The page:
Hope did not die, that night, surprisingly it did not die. You see I lived, despite the bullet lodged in my spine I lived, and I had a wake up call. I needed God, as sadistic as I tried to be before, that bullet, that gang bangers bullet, dropped me to the ground litterally, but more than that it lifted me up when I needed to be lifted, because it turned me to the Lord.
I was a bitter fifteen year old girl, at the time, nothing going right, at least in my eyes, my problems were pety typical teenage stuff looking back, but at the time it felt like they were the end of the world. The day I turned fifteen I shocked my parents and my grandmother by telling them I was an atheist. My Mom and Dad stared at me in shock, how could I not believe after all the miracles I had seen, but I didn't, or perhaps somewhere deep down I did, and I just wanted to make a statement. A statement my parents heard loud and clear, they did not press me knowing how fruitless that would be, but every night I could hear them praying, talking, whispering, trying to figure out why suddenly I no longer believed.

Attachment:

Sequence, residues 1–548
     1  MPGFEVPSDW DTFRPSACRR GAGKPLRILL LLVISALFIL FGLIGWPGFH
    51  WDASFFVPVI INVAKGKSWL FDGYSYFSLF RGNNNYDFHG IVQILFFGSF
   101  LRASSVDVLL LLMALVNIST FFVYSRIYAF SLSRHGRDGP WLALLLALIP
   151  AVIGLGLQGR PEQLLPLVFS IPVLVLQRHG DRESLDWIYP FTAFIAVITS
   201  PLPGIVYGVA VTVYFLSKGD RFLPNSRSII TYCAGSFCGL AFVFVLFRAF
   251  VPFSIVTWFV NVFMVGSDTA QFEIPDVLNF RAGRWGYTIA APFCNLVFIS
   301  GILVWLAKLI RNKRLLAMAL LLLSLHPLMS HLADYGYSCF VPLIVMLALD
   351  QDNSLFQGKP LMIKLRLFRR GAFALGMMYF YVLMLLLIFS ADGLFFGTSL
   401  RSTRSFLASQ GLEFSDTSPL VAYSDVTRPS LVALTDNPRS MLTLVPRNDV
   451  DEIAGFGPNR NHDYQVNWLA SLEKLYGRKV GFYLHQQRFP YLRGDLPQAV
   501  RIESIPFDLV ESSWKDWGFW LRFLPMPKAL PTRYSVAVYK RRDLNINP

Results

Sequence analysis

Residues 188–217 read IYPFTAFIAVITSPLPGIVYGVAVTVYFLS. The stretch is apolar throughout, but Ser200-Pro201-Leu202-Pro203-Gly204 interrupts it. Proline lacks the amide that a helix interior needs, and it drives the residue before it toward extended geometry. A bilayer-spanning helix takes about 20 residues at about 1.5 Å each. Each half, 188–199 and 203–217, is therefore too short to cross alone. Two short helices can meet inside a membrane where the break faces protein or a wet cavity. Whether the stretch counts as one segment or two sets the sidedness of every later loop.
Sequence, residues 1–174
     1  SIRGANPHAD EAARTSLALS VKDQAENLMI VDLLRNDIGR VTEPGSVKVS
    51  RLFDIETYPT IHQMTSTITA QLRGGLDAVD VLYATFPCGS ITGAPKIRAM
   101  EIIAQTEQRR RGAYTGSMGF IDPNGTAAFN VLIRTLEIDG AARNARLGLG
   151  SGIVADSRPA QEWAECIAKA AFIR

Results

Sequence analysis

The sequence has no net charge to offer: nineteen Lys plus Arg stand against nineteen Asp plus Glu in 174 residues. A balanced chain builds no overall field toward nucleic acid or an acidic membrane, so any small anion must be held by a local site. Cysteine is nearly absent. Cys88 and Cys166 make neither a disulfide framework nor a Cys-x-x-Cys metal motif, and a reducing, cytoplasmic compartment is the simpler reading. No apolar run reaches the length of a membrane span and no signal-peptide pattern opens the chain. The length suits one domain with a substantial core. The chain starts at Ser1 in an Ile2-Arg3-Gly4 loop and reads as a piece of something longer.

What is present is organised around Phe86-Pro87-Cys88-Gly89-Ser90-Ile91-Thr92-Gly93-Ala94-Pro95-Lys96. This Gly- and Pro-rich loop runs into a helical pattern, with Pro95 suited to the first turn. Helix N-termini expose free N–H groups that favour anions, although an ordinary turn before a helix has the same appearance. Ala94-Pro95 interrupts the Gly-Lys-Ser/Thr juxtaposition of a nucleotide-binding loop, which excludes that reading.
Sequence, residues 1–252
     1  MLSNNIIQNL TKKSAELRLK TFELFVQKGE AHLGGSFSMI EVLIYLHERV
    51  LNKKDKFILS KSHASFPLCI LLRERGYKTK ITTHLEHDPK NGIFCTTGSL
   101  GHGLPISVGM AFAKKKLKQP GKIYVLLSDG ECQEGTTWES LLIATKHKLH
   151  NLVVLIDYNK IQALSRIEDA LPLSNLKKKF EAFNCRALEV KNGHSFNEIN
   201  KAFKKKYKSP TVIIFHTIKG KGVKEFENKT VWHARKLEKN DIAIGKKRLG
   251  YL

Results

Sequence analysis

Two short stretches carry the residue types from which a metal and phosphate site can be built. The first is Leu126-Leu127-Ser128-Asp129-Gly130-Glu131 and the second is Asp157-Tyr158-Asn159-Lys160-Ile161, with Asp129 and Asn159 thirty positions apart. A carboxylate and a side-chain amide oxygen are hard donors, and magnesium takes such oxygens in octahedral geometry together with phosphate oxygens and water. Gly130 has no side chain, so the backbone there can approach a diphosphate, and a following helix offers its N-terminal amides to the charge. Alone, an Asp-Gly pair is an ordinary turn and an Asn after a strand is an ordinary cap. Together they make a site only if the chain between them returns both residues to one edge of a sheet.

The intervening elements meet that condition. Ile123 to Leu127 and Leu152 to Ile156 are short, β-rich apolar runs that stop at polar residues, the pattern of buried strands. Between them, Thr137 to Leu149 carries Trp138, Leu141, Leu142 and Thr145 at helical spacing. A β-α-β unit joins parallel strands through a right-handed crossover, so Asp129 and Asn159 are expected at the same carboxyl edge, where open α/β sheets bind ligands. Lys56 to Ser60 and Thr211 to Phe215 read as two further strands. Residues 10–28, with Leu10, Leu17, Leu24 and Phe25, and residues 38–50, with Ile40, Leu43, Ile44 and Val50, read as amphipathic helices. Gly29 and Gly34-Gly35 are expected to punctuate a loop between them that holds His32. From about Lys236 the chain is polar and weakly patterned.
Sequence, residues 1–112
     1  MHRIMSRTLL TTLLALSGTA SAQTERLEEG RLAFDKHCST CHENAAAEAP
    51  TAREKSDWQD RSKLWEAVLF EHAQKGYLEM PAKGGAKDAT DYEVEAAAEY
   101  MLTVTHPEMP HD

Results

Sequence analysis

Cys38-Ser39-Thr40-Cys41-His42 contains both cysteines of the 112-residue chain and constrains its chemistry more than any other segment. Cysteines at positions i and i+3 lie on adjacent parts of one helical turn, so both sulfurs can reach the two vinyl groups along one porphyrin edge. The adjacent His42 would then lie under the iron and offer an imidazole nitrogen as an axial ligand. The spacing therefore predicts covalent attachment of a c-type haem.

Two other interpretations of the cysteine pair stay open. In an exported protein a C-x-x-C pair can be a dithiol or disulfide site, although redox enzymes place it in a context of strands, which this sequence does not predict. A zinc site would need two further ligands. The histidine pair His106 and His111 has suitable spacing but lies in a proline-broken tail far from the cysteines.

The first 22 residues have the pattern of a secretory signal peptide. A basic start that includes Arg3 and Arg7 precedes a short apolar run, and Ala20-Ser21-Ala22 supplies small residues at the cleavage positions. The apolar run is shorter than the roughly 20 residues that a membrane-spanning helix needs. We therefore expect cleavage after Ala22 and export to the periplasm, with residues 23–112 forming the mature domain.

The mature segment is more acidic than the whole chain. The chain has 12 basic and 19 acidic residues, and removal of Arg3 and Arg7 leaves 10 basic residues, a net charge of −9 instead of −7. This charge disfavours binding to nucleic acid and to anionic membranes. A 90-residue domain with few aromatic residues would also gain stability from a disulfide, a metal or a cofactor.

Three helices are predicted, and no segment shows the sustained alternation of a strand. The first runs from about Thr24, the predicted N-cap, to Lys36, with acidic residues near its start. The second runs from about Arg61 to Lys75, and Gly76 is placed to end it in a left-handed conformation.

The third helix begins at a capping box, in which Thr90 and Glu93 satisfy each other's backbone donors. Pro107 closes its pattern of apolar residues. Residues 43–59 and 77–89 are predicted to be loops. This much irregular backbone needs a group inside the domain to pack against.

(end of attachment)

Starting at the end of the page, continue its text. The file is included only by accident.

I had believed at one time, at ten I had walked up to the altar and given my heart to Christ, but something inside me changed in the next five years, and the truth was I rebelled. I began experimenting with drugs, and alcohol and made myself seem like a "lose girl" despite the fact I was still a virgin. The truth was I was playing a dangerous game and I knew it.
I was making my way through enemy gang turf. I was not in a gang myself, not yet anyway, but I hung out with my friends who were, a bunch of tough girls, who seemed to know nothing but violence, and I stood out like a sore thumb, but somehow I was accepted, until I was shot and then I was ditched.
It does not matter though, because laying in that hospital bed, my life so drastically changed I knew something had to give, and I knew that it was the fact that I had to give my heart to Jesus. I had left him, but he had never left me and he was waiting with open arms.
It was not my time though far from it, I still had my story to tell and my life to live. I was going to be living it from a chair now, but yet I felt more free than I did when I had two working legs, because my soul was free.
To Be Continued